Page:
Consumers are expected to return more than $816 billion worth of retail merchandise purchased in 2022, according to a report released by the National Retail Federation and Appriss Retail. As retail sales grow, the average rate of return has remained flat at 16.5 percent compared with 16.6 percent in 2021.
“Even with 29 continuous months of retail sales growth, consumers have remained steady with the overall rate of merchandise returned to retailers this year,” said Mark Mathews, NRF’s vice president of research development and industry analysis. “While oftentimes returns represent a lost sale for a retail establishment, returns can also provide recourse through positive customer engagement and, potentially, another purchase.”
According to the retail survey, for every $1 billion in sales, the average retailer incurs $165 million in merchandise returns. Additionally, it found that for every $100 in returned merchandise accepted, retailers lose $10.40 to return fraud.
Of the types of return fraud retailers say they have experienced in the past year, half (50 percent) cited returns of used, non-defective merchandise, also known as wardrobing, and 41.4 percent cited the return of shoplifted or stolen merchandise. One-fifth (20 percent) attributed return fraud to organized retail crime.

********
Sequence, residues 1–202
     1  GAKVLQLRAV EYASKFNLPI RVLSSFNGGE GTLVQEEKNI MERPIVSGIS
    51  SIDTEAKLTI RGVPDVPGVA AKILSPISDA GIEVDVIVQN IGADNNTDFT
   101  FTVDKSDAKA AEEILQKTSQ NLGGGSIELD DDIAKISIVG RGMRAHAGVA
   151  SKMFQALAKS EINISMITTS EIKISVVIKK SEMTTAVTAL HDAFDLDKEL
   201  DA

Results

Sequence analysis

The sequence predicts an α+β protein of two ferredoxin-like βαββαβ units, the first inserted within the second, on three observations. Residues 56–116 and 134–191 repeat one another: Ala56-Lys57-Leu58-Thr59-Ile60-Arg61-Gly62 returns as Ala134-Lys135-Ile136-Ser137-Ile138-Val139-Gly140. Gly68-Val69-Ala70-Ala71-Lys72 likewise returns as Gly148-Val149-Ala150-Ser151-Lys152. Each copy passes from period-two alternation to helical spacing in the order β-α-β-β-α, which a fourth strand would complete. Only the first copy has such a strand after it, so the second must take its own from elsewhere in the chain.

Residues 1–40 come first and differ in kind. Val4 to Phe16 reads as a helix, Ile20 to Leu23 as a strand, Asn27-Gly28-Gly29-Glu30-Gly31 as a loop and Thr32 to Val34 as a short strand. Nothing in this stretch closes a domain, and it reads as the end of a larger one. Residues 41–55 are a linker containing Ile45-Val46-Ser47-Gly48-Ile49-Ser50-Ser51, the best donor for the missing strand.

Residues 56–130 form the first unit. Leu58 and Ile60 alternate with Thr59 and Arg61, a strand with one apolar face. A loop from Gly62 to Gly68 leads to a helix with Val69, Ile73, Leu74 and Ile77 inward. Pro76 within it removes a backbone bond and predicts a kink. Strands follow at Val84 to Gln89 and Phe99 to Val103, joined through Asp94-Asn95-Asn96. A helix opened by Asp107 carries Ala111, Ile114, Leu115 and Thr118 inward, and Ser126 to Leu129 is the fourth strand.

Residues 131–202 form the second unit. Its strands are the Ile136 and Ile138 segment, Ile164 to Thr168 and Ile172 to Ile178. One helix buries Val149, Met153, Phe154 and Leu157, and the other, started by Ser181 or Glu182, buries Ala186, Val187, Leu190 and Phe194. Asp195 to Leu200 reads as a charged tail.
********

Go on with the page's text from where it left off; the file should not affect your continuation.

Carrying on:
For the first time since online data has been captured as part of the survey in 2019, online return rates are consistent with the overall rate of return. Online return rates decreased from 20.8 percent in 2021 to 16.5 percent in 2022. Online sales will account for approximately $1.29 trillion of total U.S. retail sales in 2022. Of the approximately $212 billion of returned online purchases, $22.8 billion (10.7 percent) will be deemed fraudulent.
Of the more than $3.66 trillion in expected in-store sales, $603 billion will be returned. Approximately $62.1 billion of those returns, or 10.3 percent, are expected to be fraudulent.
“The holidays typically include a spike in retail activity, but higher return rates can also impact profitability,” said Steve Prebble, CEO of Appriss Retail. “Retailers must look for ways to individualize the returns process through data-driven insights. This will minimize the risk of accepting fraudulent returns while enhancing the customer experience for loyal shoppers.”
In terms of holiday sales, retailers can expect to see an average of 17.9 percent of merchandise returned, equating to nearly $171 billion. Because of the increased sales volume during this time of year, nearly 44 percent of survey respondents indicated they planned to hire more staff to handle returns during the holiday season. Of that, most (71 percent) intend to add staff specifically for stores.
The survey of 70 retailers was conducted by NRF and Appriss Retail from Sept. 19 through Oct. 14, 2022. Click here to view the survey results.